So...book multiple one-ways instead of multi-legs. Enjoy the flexibility!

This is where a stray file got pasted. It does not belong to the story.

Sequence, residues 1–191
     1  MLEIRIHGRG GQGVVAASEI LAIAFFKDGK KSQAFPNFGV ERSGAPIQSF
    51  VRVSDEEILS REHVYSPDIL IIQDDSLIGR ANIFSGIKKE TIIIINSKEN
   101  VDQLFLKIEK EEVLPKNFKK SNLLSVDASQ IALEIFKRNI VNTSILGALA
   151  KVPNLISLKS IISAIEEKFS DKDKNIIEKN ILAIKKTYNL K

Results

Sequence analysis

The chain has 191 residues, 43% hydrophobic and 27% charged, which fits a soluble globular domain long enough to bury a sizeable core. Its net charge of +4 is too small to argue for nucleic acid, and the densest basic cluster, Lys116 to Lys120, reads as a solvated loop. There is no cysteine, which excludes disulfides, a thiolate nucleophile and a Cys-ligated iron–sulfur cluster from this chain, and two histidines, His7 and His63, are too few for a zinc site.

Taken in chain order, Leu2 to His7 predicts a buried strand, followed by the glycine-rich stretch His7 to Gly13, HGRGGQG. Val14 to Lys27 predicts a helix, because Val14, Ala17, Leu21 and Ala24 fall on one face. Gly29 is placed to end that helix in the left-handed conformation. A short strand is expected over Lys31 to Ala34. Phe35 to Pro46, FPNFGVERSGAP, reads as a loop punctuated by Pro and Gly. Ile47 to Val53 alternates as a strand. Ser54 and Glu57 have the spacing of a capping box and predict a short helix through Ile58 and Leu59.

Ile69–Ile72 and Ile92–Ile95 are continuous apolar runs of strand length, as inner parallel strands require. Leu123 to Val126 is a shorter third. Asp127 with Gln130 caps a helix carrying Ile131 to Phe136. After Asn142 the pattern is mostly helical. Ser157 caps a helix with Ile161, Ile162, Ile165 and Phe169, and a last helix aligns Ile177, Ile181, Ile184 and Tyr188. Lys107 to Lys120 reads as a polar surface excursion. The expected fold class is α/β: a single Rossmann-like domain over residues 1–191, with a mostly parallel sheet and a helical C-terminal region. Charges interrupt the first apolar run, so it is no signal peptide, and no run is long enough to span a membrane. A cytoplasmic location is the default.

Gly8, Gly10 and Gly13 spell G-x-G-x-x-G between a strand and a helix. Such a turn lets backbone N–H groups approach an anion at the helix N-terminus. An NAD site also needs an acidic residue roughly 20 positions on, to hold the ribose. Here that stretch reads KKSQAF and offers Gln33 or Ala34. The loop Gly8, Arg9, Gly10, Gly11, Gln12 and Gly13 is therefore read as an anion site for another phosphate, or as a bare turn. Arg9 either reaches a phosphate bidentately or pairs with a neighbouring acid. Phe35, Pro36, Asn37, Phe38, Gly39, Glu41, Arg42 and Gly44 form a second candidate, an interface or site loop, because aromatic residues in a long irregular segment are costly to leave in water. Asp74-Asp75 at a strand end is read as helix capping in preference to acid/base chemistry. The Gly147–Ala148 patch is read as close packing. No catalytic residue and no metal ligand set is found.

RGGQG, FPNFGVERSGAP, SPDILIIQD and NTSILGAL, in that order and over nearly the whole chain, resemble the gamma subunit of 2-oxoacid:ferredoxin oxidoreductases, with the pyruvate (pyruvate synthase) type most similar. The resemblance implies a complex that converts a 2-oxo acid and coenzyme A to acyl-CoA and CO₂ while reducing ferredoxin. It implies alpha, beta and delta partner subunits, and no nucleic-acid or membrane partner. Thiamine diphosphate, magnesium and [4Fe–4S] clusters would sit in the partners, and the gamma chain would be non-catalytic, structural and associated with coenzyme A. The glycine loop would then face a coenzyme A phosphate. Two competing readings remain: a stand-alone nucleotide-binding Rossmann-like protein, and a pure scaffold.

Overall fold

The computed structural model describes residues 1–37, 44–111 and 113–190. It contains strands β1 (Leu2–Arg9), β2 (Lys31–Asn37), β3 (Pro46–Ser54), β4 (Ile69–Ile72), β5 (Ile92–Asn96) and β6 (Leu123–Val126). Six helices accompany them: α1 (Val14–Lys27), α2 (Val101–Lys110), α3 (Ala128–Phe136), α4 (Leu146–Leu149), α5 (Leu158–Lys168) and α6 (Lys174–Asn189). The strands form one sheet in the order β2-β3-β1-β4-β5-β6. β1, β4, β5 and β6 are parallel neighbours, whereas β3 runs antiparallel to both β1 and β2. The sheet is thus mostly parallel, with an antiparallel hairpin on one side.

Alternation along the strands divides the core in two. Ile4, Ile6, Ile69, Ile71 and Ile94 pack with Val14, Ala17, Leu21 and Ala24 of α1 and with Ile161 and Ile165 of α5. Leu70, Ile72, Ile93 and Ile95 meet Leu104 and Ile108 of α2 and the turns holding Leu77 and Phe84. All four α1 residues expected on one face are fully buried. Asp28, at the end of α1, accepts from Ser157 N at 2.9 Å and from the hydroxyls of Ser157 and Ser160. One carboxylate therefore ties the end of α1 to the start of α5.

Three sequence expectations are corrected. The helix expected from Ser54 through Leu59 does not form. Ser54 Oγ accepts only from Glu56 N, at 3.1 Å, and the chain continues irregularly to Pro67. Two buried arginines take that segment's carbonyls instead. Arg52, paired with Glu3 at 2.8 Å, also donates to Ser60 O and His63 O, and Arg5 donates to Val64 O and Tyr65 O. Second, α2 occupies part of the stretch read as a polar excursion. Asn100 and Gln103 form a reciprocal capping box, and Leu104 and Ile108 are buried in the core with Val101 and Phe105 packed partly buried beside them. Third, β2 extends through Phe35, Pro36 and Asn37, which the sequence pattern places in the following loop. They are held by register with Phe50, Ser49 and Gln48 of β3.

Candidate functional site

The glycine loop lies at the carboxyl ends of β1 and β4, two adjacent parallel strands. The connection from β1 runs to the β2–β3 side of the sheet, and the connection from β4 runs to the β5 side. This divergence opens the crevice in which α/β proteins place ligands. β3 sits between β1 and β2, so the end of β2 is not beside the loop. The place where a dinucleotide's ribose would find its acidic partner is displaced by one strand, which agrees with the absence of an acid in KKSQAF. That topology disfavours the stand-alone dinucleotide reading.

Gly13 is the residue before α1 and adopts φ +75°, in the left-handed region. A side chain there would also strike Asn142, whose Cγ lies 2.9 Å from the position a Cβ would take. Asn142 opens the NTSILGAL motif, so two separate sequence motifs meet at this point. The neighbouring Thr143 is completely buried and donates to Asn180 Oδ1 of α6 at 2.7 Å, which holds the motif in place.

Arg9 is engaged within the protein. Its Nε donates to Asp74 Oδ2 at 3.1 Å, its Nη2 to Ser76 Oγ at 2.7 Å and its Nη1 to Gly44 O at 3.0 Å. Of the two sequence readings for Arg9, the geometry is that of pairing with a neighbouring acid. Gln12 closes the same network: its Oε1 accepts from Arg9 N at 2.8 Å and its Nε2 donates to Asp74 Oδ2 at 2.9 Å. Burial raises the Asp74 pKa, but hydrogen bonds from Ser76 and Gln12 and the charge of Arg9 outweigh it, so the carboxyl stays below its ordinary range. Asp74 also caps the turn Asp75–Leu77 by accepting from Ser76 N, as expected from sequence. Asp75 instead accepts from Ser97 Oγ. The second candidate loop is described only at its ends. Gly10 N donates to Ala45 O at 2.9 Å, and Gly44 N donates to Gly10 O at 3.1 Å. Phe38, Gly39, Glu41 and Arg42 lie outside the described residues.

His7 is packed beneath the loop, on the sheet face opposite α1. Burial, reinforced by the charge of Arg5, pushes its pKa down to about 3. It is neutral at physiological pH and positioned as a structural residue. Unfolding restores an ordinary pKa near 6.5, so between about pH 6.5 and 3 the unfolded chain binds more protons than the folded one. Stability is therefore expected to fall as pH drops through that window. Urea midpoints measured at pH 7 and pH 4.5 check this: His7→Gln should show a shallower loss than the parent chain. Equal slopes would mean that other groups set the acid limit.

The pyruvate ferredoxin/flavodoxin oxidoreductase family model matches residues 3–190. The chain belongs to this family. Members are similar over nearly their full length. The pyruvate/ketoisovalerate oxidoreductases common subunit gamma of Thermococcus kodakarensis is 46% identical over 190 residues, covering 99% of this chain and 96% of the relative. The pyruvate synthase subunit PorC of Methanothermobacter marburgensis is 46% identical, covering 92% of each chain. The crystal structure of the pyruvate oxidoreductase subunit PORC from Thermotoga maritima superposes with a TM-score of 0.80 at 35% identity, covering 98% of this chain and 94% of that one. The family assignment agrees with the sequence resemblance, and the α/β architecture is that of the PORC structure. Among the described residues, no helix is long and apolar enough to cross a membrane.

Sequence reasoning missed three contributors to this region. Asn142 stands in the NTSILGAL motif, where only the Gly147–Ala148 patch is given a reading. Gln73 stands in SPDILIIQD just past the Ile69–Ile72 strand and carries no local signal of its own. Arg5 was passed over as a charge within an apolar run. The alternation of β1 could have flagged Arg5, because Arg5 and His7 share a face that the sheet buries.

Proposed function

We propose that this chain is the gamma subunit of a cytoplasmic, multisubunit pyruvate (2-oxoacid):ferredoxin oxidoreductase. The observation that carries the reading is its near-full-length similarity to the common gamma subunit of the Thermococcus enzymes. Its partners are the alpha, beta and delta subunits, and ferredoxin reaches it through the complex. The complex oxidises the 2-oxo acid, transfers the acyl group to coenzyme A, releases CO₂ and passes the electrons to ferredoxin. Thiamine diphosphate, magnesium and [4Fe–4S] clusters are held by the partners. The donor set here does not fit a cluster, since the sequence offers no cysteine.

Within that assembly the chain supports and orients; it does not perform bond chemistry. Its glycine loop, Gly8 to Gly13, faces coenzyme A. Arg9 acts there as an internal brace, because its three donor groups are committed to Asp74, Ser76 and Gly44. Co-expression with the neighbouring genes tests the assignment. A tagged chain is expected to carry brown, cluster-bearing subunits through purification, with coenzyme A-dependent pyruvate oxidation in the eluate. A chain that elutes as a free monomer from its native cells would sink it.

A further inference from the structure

I do want to make it explicitly clear that it is only in the case where you want to change a flight in an itinerary that has subsequent flights you do not want to change where it is to your advantage to have booked those flights separately rather than as part of a single ticket; in cases where you only want to change the final flight on an itinerary, it makes no difference whether that flight is a one-way or part of a multi-leg. The reason is that effectively, the final flight for an itinerary is a one-way: changes to it don't cause you to be subject to paying the fare increases of subsequent flights because there are no subsequent flights and if you bail on it, there are no ramifications in regards to the automatic cancellation of subsequent flights because again, there are no subsequent flights. Now, if you need to change multiple flights on the same itinerary, you may well be better off if you bought all of those flights as part of the same ticket because you will only be charged a single change fee to change them whereas if they were on separate tickets, you would be charged a change fee for each ticket. However, I think it is a lot more common that you need to change only a single flight than it is that you need to change more than one flight on an itinerary so I believe that it will more often benefit you to book each leg of a journey separately than it will to book those legs together.